So here, because you surely want to know, is an explanation of what rough-skinned newts are doing in ponds right about now:
Males arrive at the breeding sites before the females, and undergo a transformation. Their dry, bumpy skin becomes moist and smooth, their tails flatten, and their cloaca (a vent on the animal's underside for digestive, excretory, and reproductive tracts) enlarges, and "nuptial pads" develop on their feet and hind legs. These pads help the male grip the female during their slippery underwater courtship. He entices her by clasping her from above, stroking her with his hind legs, and rubbing his snout across hers.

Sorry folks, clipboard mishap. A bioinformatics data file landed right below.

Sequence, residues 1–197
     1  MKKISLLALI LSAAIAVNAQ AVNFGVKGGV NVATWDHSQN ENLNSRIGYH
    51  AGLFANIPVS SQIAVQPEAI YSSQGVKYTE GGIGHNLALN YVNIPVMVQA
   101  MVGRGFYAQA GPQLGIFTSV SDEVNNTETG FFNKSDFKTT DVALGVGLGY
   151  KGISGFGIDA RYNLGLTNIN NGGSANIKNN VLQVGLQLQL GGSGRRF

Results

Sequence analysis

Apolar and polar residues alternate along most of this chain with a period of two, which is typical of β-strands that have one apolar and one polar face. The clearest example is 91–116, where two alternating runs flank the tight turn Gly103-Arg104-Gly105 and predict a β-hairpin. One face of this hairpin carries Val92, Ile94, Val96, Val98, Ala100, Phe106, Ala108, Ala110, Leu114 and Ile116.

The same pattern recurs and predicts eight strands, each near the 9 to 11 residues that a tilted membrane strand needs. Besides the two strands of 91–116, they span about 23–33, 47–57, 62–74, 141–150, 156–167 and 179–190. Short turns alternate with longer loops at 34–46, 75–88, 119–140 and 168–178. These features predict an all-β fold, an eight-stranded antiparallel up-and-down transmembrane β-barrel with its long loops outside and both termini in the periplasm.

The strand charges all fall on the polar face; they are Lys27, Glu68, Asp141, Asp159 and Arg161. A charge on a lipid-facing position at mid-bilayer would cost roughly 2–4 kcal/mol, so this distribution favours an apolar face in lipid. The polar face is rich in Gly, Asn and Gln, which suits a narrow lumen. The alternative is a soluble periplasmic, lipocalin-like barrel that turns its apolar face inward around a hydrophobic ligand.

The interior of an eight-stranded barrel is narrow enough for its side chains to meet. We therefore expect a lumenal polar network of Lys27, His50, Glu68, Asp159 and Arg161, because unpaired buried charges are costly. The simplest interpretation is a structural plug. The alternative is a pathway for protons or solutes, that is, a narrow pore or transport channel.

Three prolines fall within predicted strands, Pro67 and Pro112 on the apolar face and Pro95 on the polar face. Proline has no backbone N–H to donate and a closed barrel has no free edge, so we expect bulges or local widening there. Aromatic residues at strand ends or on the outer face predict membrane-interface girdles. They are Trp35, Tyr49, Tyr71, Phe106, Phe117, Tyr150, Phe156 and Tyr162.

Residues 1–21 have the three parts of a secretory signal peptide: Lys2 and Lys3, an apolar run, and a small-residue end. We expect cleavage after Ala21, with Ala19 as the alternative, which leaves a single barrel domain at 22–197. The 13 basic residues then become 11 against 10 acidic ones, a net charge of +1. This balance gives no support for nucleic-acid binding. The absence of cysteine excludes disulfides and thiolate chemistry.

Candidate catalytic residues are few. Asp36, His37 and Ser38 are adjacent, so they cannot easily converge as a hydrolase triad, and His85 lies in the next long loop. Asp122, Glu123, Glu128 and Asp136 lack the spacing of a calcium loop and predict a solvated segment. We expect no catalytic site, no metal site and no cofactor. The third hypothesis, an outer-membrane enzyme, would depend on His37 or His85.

He deposits a spermatophore (sperm packet) on the pond bottom in front of her, and if he has successfully wooed her, she picks it up with her cloaca. Fertilization occurs internally, and the female will lay her eggs one at a time, attaching them to submerged plants throughout the pond.
|Lookin for love in all the wrong places--|
find a pond, Newt! Photo by Henk Wallays
And next year, the resulting newts will probably return to the same pond they were hatched in to engage in their own watery trysts.
So there you have it, and you need no longer lie awake at night, wondering how newts reproduce.